Patrick O’Connell, a founding director of the New York City-based AIDS advocacy group Visual AIDS who played a lead role in developing the internationally recognized display of an inverted, V-shaped red ribbon as a symbol of AIDS advocacy, died on March 23 at a Manhattan hospital from AIDS-related causes, according to the New York Times. He was 67.

Visual AIDS said in a statement that O’Connell held the title of founding director of the organization from 1980 to 1995.

During those years, according to the statement and others who knew him, O’Connell was involved in the group’s widely recognized and supported efforts to use art and artist’s works to advocate in support of people with HIV/AIDS and efforts to curtail the epidemic that had a devastating impact on the art world.

Thanks to a grant from the Art Matters foundation, Visual AIDS was able to retain O’Connell as its first paid staff member in 1990, the group said in its statement.

“Armed with a fax machine and an early Macintosh computer, Patrick helped Visual AIDS grow from a volunteer group to a sustainable non-profit organization,” the statement says. “A passionate spokesperson for the organization, he helped projects like Day Without Art, Night Without Light, and the Red Ribbon reach thousands of people and organizations across the world,” the group says in its statement.

“We were living in a war zone,” the statement quoted O’Connell as saying in a 2011 interview with the Long Island newspaper Newsday. “But it was like a war that was some kind of deep secret only we knew about,” O’Connell said in the interview. “Thousands were dying of AIDS. We felt we had to respond with a visible expression,” he told the newspaper.

With O’Connell’s help, Visual AIDS in 1989 organized the first annual Day Without Art in which dozens of galleries and museums in New York and other cities covered art works with black cloths to symbolize the mourning of those who died of AIDS. Among those participating were the Brooklyn Museum, the J. Paul Getty Museum in Los Angeles, and the Metropolitan Museum of Art in New York, which replaced a Picasso painting with a “somber informational placard,” according to the New York Times.

In 1990 O’Connell helped Visual AIDS organize the first Night Without Light, which was held at the time of World AIDS Day. New York City’s skyscraper buildings, bridges, monuments, and Broadway theaters turned off their lights for 15 minutes to commemorate people who lost their lives to AIDS, the New York Times reported.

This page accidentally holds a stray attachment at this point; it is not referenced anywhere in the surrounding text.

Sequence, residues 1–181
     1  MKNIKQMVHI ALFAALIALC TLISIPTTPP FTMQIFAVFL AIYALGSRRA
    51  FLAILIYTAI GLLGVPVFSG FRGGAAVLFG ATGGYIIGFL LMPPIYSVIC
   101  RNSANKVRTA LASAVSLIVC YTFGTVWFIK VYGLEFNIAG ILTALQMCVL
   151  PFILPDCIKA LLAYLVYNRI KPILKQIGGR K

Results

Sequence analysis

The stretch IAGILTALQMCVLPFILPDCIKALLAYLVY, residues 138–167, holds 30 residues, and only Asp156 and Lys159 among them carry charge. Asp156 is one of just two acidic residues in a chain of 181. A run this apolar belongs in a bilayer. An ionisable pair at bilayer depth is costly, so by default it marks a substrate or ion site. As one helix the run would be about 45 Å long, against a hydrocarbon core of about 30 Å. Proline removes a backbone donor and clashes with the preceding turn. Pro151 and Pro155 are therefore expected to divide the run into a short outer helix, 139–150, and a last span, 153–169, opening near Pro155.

In the kickoff of its Red Ribbon Project in 1991, McConnell helped organize volunteers to join “ribbon bees” in which thousands of the ribbons were cut and folded for distribution around the city, the Times reports. Those who knew McConnell said he also arranged for his team of volunteers to call Broadway theaters and producers of the upcoming Tony Awards television broadcast to have participants and theater goers display the red ribbons on their clothes.

Among those displaying a red ribbon on his label at the Tony Awards broadcast was actor Jeremy Irons, who was one of the hosts. In later years, large numbers of celebrities followed the practice of wearing the red ribbon, and in 1993 the U.S. Postal Service issued a red ribbon stamp.

The Times reports that O’Connell was born and raised in Manhattan, where he attended Fordham Preparatory School and later graduated from Trinity College in Hartford, Conn., in 1973 with a bachelor’s degree in history. According to Visual AIDS, O’Connell served as director of the Hallwalls arts center in Buffalo, N.Y. from 1977 to 1978 before returning to New York City to work for a gallery called Artists Space.

The Times reports that O’Connell learned in the middle 1980s that he had contracted AIDS and began a regimen of early AIDS treatment with a cocktail of over 30 pills a day. His involvement with Visual AIDS, which began in 1989, ended on an active basis in 1995 when his health worsened, the Times reports.

As one of the last remaining survivors of his New York contemporaries who had HIV beginning in the 1980s, O’Connell continued in his strong support for AIDS-related causes through 2000s and beyond, people who knew him said.
Visual AIDS says it is gathering remembrances and photos for a tribute post for O’Connell on its website. It has invited people to share their memories of him by sending written contributions and images via email to: [email protected].